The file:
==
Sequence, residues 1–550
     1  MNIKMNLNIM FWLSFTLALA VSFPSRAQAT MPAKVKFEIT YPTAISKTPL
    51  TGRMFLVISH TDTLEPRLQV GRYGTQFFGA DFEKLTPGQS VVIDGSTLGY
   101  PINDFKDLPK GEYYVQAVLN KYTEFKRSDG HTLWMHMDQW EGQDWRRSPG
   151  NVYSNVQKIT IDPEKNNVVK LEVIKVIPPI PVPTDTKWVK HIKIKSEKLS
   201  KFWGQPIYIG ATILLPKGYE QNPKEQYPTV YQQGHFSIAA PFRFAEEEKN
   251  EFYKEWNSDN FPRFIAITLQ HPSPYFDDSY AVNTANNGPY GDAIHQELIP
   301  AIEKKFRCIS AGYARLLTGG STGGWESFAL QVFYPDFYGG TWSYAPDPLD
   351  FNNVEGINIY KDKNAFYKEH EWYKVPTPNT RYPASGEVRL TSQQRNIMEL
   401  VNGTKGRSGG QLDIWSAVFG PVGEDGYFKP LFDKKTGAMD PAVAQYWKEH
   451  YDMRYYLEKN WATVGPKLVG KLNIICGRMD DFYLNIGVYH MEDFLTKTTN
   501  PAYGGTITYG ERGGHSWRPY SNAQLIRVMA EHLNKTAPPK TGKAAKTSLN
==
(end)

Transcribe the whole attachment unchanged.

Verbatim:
Sequence, residues 1–550
     1  MNIKMNLNIM FWLSFTLALA VSFPSRAQAT MPAKVKFEIT YPTAISKTPL
    51  TGRMFLVISH TDTLEPRLQV GRYGTQFFGA DFEKLTPGQS VVIDGSTLGY
   101  PINDFKDLPK GEYYVQAVLN KYTEFKRSDG HTLWMHMDQW EGQDWRRSPG
   151  NVYSNVQKIT IDPEKNNVVK LEVIKVIPPI PVPTDTKWVK HIKIKSEKLS
   201  KFWGQPIYIG ATILLPKGYE QNPKEQYPTV YQQGHFSIAA PFRFAEEEKN
   251  EFYKEWNSDN FPRFIAITLQ HPSPYFDDSY AVNTANNGPY GDAIHQELIP
   301  AIEKKFRCIS AGYARLLTGG STGGWESFAL QVFYPDFYGG TWSYAPDPLD
   351  FNNVEGINIY KDKNAFYKEH EWYKVPTPNT RYPASGEVRL TSQQRNIMEL
   401  VNGTKGRSGG QLDIWSAVFG PVGEDGYFKP LFDKKTGAMD PAVAQYWKEH
   451  YDMRYYLEKN WATVGPKLVG KLNIICGRMD DFYLNIGVYH MEDFLTKTTN
   501  PAYGGTITYG ERGGHSWRPY SNAQLIRVMA EHLNKTAPPK TGKAAKTSLN